As a practical matter when backtesting allow enough data lag before measuring. All tests must begin measuring at the same place for apples-to-apples comparison among different MA lengths. For example, if you’re testing a 200-day moving average, it will take the first 200-days of data to calculate the first point of that moving average. That means that the first day you could possibly have a signal is 200-days into the data set. To make a fair comparison with, say, the 10-day moving average, you need to make sure not to count any signals from the 10-day moving average before the 200-day is ready to go. Fortunately TradeStation has a way to set the “Maximum number of bars study will reference” in “Properties for All” strategies which forces the backtesting engine to wait that long before tabulating data.

More Profit from Buying or Selling?

Moving average rules, and in particular moving average crossover rules, are often discussed as a reversal system. This means that one signal, say the MAs crossing upwards is a buy signal and then its opposite, say MA lines crossing down, is not only a sell signal but also the trigger to go short. Theoretically, that’s just fine but many people are not interested in shorting the market. They are looking for techniques to help them buy and maybe sell. Even a person who regularly sells and sells short might use different techniques for buying and selling. For these reasons, it’s wise to test the buy signals separately from the sell signals.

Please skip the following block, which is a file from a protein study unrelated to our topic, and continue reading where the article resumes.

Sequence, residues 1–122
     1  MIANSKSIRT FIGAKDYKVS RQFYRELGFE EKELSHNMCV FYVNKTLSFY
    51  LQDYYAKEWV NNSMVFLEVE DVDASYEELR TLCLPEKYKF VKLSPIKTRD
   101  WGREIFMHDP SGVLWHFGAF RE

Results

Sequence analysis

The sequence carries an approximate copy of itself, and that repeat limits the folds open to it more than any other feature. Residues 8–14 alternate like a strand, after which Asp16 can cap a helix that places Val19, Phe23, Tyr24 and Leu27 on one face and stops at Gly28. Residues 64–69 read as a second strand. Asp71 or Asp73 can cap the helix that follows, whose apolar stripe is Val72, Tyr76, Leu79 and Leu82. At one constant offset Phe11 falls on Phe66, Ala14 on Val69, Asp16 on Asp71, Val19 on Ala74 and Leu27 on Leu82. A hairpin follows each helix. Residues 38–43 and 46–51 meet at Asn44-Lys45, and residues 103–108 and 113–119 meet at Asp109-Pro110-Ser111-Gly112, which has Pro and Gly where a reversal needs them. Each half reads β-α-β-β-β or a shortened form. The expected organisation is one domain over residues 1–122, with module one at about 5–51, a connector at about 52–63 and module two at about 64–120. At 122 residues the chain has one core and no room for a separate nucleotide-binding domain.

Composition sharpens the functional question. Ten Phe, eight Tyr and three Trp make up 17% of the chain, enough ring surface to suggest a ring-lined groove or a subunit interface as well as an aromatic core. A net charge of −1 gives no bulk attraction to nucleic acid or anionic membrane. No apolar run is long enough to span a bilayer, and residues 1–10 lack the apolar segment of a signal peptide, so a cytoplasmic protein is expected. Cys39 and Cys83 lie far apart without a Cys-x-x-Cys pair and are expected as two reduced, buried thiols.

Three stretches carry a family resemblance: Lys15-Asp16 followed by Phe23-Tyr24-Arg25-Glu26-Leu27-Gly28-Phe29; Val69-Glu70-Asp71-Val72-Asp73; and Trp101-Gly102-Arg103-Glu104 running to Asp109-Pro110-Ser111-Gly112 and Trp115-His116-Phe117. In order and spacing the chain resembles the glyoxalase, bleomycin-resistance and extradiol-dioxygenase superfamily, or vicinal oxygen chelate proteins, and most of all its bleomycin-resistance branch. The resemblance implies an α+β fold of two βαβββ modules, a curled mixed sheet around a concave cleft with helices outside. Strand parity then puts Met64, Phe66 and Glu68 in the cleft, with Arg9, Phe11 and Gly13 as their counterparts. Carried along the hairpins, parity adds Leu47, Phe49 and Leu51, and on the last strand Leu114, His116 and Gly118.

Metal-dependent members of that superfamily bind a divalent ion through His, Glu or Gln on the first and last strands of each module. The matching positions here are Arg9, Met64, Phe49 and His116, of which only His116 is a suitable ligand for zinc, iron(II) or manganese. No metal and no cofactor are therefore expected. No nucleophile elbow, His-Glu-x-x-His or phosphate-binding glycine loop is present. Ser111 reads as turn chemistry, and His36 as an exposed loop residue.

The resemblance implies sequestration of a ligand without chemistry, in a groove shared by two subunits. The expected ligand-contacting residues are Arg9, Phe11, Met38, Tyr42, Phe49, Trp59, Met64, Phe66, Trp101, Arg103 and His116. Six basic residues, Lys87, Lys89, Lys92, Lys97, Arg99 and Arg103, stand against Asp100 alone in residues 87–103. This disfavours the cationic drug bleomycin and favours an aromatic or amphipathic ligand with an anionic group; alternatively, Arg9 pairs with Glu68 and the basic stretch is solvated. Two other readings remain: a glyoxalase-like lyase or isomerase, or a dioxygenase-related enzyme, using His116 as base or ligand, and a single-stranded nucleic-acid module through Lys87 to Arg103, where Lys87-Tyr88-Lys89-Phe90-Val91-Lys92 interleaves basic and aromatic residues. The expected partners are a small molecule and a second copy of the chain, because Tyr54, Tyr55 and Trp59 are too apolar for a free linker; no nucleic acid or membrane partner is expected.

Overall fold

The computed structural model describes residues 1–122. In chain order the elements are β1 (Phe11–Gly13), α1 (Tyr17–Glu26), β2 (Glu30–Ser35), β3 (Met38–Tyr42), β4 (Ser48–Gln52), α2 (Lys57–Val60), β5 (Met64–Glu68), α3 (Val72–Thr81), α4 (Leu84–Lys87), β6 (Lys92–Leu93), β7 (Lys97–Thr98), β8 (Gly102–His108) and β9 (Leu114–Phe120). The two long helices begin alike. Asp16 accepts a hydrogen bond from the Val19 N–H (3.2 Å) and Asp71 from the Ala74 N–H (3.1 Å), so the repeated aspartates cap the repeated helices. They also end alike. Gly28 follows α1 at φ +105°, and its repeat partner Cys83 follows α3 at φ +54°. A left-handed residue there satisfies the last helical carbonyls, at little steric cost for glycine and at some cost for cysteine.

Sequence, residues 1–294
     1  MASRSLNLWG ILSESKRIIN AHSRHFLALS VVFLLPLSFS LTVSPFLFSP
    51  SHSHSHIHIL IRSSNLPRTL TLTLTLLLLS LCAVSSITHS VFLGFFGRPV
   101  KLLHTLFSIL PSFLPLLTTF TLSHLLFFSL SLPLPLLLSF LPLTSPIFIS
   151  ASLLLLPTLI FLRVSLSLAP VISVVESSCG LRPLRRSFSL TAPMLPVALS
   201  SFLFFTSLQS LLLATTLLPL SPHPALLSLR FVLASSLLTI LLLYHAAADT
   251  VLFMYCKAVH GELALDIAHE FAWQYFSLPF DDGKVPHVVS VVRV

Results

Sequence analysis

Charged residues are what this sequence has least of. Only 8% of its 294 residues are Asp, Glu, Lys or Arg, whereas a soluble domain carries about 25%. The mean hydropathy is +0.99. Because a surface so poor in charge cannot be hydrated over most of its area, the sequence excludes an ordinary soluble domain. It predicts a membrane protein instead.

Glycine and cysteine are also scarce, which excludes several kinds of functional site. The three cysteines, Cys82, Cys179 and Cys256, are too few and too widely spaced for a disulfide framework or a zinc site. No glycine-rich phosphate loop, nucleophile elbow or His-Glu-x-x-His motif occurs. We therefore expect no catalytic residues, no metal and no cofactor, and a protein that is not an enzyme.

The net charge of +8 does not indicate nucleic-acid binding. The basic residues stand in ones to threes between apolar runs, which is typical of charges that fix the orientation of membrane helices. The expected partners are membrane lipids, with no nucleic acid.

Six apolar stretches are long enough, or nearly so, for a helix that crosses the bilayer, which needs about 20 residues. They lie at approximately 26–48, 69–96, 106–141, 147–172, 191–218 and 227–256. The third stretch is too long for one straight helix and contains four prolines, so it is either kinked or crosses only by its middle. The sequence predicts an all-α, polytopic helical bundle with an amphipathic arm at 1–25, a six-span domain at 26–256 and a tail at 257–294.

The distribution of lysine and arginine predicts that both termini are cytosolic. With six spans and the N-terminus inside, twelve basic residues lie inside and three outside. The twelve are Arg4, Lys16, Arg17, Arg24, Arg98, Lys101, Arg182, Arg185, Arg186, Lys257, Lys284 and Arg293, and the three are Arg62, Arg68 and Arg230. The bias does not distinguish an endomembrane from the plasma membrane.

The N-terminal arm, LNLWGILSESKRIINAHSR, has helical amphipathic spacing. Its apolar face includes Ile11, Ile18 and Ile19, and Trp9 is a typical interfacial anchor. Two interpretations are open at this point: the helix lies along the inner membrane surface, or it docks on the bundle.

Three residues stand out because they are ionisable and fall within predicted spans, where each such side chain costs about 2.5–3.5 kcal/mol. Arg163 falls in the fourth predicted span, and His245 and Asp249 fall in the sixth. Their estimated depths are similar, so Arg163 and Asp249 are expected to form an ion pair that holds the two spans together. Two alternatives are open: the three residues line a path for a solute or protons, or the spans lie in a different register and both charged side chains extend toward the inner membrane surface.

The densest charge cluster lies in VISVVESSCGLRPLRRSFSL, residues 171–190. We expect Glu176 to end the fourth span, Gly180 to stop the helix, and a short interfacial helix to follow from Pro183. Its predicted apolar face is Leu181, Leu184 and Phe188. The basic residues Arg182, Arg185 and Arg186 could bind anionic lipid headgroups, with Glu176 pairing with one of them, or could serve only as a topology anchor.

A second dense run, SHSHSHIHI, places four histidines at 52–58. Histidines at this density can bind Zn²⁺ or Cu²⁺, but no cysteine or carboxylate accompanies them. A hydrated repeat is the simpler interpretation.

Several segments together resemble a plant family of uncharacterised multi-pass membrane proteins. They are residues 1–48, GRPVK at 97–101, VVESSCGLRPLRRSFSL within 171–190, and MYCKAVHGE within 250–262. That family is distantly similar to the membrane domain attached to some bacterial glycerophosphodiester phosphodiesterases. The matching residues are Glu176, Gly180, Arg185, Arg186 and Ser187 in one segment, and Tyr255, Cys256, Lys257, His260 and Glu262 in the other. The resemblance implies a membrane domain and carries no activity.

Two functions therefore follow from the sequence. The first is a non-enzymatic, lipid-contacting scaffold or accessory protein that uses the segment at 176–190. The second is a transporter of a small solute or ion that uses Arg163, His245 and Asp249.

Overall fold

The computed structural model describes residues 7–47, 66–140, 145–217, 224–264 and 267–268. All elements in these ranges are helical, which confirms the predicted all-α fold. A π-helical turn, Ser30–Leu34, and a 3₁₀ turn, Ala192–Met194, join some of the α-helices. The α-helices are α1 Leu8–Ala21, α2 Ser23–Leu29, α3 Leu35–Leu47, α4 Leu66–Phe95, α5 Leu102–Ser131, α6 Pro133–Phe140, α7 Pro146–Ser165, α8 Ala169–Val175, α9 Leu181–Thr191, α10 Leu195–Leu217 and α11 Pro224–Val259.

This poses a dilemma because it’s hard to evaluate a buy signal in isolation. One way to do this is to use timed exits – that is, exit the trade or sell the stock after a certain amount of time elapses. I chose to run each backtest three times with three different times exits because different people have different styles and different needs. To produce backtesting results useful to swing traders, I exit after 2 days. To model position traders, 20 days. To meet the needs of active investors, backtesting holds each position for 200 days. This gives a way to isolate the buy signals and find out just how useful the moving average is to stock buyers of various temperaments.